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July 18, 2012


A Lloyd

I've always found the "we only hire the best of the best of the best" sorts of comments to be both a terrible filter and a remarkable falsework of self-justification.

On the applicant-end, there are folks who are talented but either insecure ("oh, I don't know if I meet their standards") or unwilling to let themselves be judged ("I'm great, but these guys don't get the privilege of telling me I'm not"). On the company end, this is shades of Justice Hugo Black who said of the Supreme Court ("we're not the final authority because we're infallible, we're infallible because we're the final authority"). So they go around congratulating themselves that they have hired the best of the best ("look, it says so right here on the website!"). I've worked for law firms that were explicitly "we hire the best of the best" and I've worked for a law firm that was founded by Quakers who had a pretty robust "no asshole" policy. I was infinitely prouder of my work for the no asshole policy than of the work I did where I was deemed best of the best (See, says so there on the label).


You need 10k hours to be good at something someone else is already good at. Otherwise, you just need to be sorta good at something different to be the best at it.

The harder part is figuring out what is different.


Dave Mark

The 10,000 hours rule discussed in Outliers was about becoming an expert in something. This was not limited to Gates, et al, as you suggest. In the book, it was applied to diverse things such as being an "expert" violinist, athlete (in your chosen skill), and yes, programmer. Certainly "competence" -- however you define that -- comes significantly earlier than the alleged 10k hours.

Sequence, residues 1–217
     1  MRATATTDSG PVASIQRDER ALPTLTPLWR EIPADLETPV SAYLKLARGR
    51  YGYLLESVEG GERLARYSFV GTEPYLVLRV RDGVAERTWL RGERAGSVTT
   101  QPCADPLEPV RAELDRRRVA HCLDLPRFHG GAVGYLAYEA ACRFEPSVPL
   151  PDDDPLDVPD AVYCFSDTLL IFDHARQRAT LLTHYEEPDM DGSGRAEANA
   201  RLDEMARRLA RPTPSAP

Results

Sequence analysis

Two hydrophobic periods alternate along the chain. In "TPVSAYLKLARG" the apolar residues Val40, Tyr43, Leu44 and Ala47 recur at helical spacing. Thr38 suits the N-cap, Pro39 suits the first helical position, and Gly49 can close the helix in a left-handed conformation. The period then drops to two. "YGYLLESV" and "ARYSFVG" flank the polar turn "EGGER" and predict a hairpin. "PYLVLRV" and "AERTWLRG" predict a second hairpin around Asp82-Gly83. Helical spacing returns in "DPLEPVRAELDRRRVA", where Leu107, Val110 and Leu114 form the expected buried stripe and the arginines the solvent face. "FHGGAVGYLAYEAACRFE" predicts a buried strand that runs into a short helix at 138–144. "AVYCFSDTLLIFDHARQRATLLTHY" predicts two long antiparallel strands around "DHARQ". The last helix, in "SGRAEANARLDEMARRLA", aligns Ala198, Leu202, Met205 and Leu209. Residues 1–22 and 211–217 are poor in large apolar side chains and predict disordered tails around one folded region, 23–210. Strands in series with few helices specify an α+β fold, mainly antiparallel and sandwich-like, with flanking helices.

I think it isn't a stretch to say that doing something 40 hours a week for 5 years would put you into the neighborhood of "expert". In fact, when we look at peoples' resumes, we use similar criteria simply by looking at how many years they have been doing a particular job/skill.

Of course, your original premise is correct that there are some things that are more in-born, if you will, and others that can be developed. Ironically, being able to "learn on the fly" is often considered a trait in and of itself. Therefore, you may have someone who, for their entire life, has been able to learn, adapt, improve, and excel at many things that are put in front of them. It is THAT trait that is valuable in constantly changing industries such as the game business -- or any other one where there isn't a fixed skill set that is all you will ever need.


Excellent blog.Understanding mindsets is curacil as it allows you to understand why people do things and the decisons they make, yet most of the times, people mindsets work below the surface and isn't mentioned, yet it is the driving force of everything they do.The more people talk about growth mindsets and make it more acceptable and to the fore, the more leeway this concept will gain and all will benefit who use it.

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Jamie's Bragging Rights

  • Spider-Man 2
    The best superhero games of all time Game Informer
    Top five games of all time Yahtzee Croshaw
    Top five superhero games of all time MSNBC
    Top 100 PS2 games of all time Official Playstation 2 Magazine
    1001 Games You Must Play Before You Die Nomination for Excellence in Gameplay Engineering Academy of Interactive Arts & Sciences
  • Schizoid
    Penny Arcade PAX 10 Award
    Nominated for XBLA Best Original Game
    Nominated for XBLA Best Co-Op Game